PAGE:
Wednesday, July 31, 2013

Shaving Mugs

For my husband's birthday, I gave him a shaving mug, a badger-hair shaving brush, and a razor (with stand).  It reminded me of watching my grandpa shave when I was young.

I inherited two shaving mugs from my Grandma Maymie.  The first one pictured belonged to my Grandpa Elmer Martin.  The mug had belonged to his father, John Stephen Martin, and before that to his grandfather, Mathias Martin.  Mathias brought the mug with him when he immigrated to America in 1847.  The bottom of the mug is marked "Germany 288."  Grandpa Elmer used this mug during his lifetime.  I can also remember the razor strop hanging on the end of cabinet.:)

The next shaving mug belonged to her grandpa, Martin Monroe Hatfield.  Not sure if he was the first person to own it or not.  Maymie said that Martin Hatfield brought it with him when he moved west into Oklahoma and Colorado from Kansas.

History of Shaving Mugs

A shaving scuttle and shaving mug were developed around the 19th century with the first patent for a shaving mug dating to 1867.  As hot water was not common in many households, one way to provide hot lather was to use a scuttle or mug. A traditional scuttle resembles a teapot with a wide spout where hot water is poured in, and this is where it differs from a shaving mug, which has no spout. Both shaving scuttles and mugs usually have a handle, but some have none. Shaving mugs often look like a standard mug, however, some also have a built in brush rest, so the brush does not sit in lather. Modern versions of the scuttle are in limited production, usually by independent potters working in small volumes.

At the top of the scuttle or mug is a soap holder. Traditionally, it was used with a hard block of shaving soap (rather than soft soap or cream) and therefore had drain holes at the bottom. Later scuttles and mugs do not include the holes, and thus can be used with creams and soft soaps. Some scuttles and mugs have concentric circles on the bottom, which retain some water thus helping to build lather.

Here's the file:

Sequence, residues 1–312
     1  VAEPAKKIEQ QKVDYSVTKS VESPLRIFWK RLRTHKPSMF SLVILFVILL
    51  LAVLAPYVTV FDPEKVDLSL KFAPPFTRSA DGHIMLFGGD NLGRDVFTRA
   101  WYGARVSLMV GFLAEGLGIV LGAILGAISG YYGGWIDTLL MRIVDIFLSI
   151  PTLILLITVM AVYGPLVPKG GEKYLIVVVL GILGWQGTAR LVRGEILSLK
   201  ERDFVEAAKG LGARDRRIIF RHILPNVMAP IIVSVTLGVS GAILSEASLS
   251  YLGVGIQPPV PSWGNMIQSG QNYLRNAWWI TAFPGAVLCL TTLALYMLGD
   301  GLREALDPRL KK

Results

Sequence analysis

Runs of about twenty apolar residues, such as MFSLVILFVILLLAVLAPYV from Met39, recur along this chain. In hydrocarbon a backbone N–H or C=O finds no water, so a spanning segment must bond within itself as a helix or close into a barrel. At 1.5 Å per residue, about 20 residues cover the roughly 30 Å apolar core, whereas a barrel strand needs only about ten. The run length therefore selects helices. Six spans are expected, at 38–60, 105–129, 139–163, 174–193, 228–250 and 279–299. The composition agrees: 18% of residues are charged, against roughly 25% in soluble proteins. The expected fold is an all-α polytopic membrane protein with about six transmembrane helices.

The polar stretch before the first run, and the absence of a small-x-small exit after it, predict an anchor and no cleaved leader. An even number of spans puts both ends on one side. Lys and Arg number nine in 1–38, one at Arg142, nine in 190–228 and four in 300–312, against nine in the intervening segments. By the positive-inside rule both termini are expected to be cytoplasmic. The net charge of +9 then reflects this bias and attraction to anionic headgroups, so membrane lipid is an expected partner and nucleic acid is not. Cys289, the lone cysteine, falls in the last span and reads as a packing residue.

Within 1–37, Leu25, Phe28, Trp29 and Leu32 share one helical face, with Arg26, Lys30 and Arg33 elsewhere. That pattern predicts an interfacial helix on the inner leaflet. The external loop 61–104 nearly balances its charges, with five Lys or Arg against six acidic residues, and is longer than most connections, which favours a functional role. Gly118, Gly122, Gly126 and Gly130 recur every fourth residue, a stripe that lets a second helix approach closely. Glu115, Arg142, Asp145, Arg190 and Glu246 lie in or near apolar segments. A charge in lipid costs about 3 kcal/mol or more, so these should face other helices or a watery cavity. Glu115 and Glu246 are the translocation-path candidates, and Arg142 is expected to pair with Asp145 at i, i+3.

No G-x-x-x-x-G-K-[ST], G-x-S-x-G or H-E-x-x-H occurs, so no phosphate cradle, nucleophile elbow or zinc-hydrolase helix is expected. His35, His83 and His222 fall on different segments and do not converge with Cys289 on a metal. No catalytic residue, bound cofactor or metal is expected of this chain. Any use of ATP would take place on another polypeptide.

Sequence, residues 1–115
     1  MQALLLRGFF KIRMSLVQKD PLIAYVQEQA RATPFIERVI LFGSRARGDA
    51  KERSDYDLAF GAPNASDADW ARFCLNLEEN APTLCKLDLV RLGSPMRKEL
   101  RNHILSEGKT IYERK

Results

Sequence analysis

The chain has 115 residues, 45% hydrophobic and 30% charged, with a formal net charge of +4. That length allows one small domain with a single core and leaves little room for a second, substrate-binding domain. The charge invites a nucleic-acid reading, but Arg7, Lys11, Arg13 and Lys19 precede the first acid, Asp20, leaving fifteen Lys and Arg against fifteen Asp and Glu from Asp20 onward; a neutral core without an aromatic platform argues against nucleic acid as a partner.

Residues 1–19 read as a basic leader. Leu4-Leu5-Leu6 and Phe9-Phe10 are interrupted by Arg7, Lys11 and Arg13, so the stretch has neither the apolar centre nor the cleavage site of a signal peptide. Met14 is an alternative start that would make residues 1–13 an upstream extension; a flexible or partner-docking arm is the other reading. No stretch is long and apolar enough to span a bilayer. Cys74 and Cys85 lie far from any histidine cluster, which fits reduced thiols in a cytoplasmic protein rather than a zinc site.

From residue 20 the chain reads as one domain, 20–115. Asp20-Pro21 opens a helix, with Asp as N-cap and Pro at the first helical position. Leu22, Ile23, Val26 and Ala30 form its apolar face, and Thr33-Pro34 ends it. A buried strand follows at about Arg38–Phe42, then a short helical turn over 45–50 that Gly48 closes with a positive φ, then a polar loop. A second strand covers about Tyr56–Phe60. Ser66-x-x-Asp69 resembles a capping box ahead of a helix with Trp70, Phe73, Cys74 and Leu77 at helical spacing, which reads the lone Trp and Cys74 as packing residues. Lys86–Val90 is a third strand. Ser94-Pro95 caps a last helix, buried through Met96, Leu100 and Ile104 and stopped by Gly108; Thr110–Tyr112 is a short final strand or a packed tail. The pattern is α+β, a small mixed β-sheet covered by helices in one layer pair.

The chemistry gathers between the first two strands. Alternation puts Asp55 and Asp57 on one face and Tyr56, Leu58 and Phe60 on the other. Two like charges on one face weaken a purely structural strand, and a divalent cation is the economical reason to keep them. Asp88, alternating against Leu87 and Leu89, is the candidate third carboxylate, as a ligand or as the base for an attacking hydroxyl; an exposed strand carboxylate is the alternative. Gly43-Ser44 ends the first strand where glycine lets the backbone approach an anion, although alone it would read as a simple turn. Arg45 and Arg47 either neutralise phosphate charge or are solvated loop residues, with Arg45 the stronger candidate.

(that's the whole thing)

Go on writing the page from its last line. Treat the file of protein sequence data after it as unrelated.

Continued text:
In use, the shaving brush is dunked into the wide spout, allowing it to soak into the water and heat up. The soap is placed in the soap holder. When needed, one can take the brush and brush it against the soap, bringing up a layer of lather; excess water is drained back. This allows conservation of water and soap, whilst retaining enough heat to ensure a long shave.

The modern shaving brush may be traced to France during the 1750s. The French call a shaving brush blaireau or "badger." Quality of these brushes differed greatly, as materials used to fashion the handles varied from the common to the exotic. It was not uncommon for handles to be made of ivory, gold, silver, tortoise shell, crystal, or porcelain. The more expensive brushes used badger hair, with cheaper ones using boar's hair. In the 1800s when the folding-handle straight razor design made it practical for men to shave themselves rather than visit a barber, a shave brush became a status symbol, and an expensive or eccentric brush was a way of asserting one's personality or even affluence. The recent rapid rise in the popularity of "wet shaving" has raised demand for high quality and custom shaving brushes.

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